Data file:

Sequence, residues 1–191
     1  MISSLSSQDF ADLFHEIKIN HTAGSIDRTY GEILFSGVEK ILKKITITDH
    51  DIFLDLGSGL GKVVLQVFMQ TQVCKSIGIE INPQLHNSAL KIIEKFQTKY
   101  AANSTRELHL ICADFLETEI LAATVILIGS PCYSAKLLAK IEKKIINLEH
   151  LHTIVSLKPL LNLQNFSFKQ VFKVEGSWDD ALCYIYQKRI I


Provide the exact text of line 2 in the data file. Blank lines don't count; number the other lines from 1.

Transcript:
     1  MISSLSSQDF ADLFHEIKIN HTAGSIDRTY GEILFSGVEK ILKKITITDH